During the days before a major thunderstorm hits, emergency room visits for seniors who suffer from asthma and chronic obstructive pulmonary disease (COPD) rose significantly, according to a research letter published Monday in JAMA Internal Medicine.
Although the study used Medicare data for those 65 years and older, the danger is just as real for younger people with severe respiratory illnesses, said study author Dr. Anupam Jena, an associate professor of health care policy at Harvard Medical School.
“It could certainly impact children and younger adults with asthma,” Jena said. “We just needed to have the specific data Medicare provides so we could compare hospitalization rates with weather patterns in small areas.”
The study found the emergency visits peaked the day before the storm, with a mean 1.8 additional visits per million beneficiaries.
“The visits were not during the thunderstorm when the rains are coming down,” Jena said. “And after the storm is over, we saw the rates of visits to the ER went down.”
The phenomenon of “thunderstorm asthma” was first recorded in Birmingham, England in 1983 and in Melbourne, Australia in 1987, where widespread waves of asthma attacks appeared to be connected to violent thunderstorms during high pollen counts.
It happened again in Melbourne in 2016, killing eight people and sending some 8,000 to the emergency room.
No one understood why this might happen since rain typically washes pollen out of the air. In addition, the size of the rye pollen spores in the Melbourne area were too large to be easily inhaled and typically lodged in the sinuses before they could reach the lungs.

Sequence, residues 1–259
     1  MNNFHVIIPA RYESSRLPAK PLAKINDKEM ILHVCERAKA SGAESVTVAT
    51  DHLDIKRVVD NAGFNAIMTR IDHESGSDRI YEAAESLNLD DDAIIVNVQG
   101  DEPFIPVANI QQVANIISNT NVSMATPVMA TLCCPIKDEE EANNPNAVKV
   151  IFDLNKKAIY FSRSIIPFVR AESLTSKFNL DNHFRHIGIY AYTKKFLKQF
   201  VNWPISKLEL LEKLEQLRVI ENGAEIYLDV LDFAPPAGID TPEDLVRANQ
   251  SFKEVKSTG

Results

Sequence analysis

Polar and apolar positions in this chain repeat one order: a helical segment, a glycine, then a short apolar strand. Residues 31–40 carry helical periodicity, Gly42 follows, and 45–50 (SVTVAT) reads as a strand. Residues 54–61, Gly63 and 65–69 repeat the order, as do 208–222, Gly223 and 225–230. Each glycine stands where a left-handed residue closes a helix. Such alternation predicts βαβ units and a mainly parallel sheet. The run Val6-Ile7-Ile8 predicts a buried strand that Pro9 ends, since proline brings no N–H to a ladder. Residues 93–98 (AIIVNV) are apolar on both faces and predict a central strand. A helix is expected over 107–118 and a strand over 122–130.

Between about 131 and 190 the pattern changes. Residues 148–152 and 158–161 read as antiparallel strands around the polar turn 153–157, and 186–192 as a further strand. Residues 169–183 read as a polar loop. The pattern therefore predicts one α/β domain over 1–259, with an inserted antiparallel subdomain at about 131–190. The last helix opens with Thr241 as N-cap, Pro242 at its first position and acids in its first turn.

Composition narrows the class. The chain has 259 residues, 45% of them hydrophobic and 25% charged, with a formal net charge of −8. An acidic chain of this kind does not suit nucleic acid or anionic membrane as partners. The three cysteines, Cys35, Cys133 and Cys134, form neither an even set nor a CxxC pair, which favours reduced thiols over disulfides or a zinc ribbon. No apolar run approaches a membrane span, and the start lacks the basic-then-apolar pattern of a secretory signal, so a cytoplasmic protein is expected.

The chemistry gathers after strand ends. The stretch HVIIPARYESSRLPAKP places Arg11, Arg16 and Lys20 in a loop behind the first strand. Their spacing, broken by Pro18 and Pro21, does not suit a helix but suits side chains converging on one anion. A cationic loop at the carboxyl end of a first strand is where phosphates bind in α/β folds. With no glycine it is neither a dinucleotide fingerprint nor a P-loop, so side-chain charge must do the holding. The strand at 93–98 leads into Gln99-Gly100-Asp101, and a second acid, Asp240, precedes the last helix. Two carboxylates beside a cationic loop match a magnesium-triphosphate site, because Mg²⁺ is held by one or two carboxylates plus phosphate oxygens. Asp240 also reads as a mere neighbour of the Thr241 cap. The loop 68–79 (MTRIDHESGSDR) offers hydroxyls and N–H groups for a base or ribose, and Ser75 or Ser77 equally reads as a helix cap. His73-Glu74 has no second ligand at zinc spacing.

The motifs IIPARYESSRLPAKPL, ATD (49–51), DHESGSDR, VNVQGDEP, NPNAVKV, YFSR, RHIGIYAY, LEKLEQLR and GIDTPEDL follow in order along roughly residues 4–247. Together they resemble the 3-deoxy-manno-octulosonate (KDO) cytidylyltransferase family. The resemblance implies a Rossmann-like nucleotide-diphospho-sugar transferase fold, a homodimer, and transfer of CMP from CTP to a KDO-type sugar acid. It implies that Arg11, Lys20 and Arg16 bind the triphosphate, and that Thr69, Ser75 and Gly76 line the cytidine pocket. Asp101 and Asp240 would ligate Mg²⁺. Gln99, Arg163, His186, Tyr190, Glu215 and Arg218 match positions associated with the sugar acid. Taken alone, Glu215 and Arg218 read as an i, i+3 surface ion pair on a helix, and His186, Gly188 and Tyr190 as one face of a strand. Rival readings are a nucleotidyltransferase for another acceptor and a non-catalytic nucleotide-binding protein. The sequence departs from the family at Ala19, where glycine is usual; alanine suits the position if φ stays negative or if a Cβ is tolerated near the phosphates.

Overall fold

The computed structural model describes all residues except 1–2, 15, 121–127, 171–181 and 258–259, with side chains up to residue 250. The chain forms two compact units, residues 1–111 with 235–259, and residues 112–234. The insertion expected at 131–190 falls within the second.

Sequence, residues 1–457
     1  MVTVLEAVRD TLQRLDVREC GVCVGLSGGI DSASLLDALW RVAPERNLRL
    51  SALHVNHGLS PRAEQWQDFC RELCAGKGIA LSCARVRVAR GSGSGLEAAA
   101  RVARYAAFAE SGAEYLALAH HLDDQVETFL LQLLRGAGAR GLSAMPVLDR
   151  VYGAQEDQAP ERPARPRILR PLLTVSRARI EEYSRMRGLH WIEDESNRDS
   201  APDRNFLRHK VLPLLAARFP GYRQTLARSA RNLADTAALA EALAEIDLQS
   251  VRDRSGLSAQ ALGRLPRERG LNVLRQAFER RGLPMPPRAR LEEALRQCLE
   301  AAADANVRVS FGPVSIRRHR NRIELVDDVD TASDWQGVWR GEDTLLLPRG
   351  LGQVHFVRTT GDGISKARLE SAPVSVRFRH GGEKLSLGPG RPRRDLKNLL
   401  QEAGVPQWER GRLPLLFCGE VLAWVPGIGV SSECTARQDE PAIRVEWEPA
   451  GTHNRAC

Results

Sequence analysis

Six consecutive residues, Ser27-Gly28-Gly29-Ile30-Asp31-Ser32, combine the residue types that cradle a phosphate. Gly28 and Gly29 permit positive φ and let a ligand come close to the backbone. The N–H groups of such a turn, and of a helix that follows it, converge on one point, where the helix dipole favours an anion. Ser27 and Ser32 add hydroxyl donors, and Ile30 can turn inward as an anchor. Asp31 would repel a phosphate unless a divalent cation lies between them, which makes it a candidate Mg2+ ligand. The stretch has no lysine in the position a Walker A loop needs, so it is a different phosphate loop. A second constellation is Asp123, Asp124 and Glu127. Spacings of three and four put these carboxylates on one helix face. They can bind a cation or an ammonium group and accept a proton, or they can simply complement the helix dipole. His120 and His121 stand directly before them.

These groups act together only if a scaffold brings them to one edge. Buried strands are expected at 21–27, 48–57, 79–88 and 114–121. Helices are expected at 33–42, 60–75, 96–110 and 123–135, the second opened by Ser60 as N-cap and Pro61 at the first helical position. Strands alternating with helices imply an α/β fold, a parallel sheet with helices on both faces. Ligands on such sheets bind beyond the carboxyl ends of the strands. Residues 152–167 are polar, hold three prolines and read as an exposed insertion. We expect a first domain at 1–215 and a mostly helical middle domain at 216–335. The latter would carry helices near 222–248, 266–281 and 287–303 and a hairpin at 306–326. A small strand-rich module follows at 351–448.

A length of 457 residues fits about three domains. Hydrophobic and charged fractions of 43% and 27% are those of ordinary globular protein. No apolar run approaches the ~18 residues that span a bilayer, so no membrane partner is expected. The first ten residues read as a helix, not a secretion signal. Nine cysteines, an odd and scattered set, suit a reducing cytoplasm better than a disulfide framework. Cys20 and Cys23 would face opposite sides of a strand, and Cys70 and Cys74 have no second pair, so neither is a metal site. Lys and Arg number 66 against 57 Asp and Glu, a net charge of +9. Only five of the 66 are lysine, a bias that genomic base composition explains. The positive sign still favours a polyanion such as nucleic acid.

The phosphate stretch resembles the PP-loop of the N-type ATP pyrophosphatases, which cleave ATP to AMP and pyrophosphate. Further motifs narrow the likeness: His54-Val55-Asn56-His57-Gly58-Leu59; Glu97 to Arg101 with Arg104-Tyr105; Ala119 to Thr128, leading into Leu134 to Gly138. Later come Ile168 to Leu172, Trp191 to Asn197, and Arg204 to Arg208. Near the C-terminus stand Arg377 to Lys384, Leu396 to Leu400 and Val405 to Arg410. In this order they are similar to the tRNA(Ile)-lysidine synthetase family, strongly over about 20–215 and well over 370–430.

So why would a rare storm with that type of pollen cause such an extreme reaction?
“In our study we found that pollen didn’t rise in the days before the thunderstorm, which makes it odd to then attribute the increase in hospitalizations to pollen, at least exclusively,” Jena said.
Nor did levels of nitrogen dioxide, sulfur dioxide, carbon monoxide and ozone change in the days preceding a thunderstorm, Jena said. All levels, however, did drop after the storms ended.
“Prior studies suggest that rapid temperature increases can precipitate respiratory problems, and we observed changes in temperature in the days prior to thunderstorms,” he added.
“The last thing to note is that this was a study of thousands of thunderstorms occurring across the US, matched to high-frequency data on environmental parameters and hospitalizations, which makes these findings potentially more generalizable than previous studies on this topic,” Jena said.
Day before storm is more dangerous
The study analyzed Medicare insurance claims for emergency room visits tied to acute respiratory distress between January 1999 and December 2012, comparing the data to atmospheric and lightning data from the US National Oceanic and Atmospheric Administration for every US county.
“We found ER visits rose in the days leading up to the thunderstorm when temperature is rising and the amount of particulate matter in the air begins to rise,” said Jena.
Particulate matter is a mixture of solid and liquid matter found in the air. Dust, dirt and smoke particles are larger but there are also extremely small, inhalable particulates that can’t be seen with the naked eye. Those are called PM 2.5 because their size is generally 2.5 micrometers or less.
That’s really tiny — for comparison, an average human hair is 30 times larger than a PM 2.5 particle. Because they are so small, these particulates can get deep into the lungs and wreak havoc with our lungs and bodily functions.
Rain, on the other hand, washes away particulate matter.
Using census data, the study estimated there are 37.7 million Americans who are 65 years or older. Using those numbers, the study estimated an additional 52,000 emergency room visits over the 14-year period due to respiratory distress in the three or more days surrounding major storms.
“If you know a thunderstorm is coming, be mindful just as you would when pollen counts are high, and take a little extra care,” Jena advised.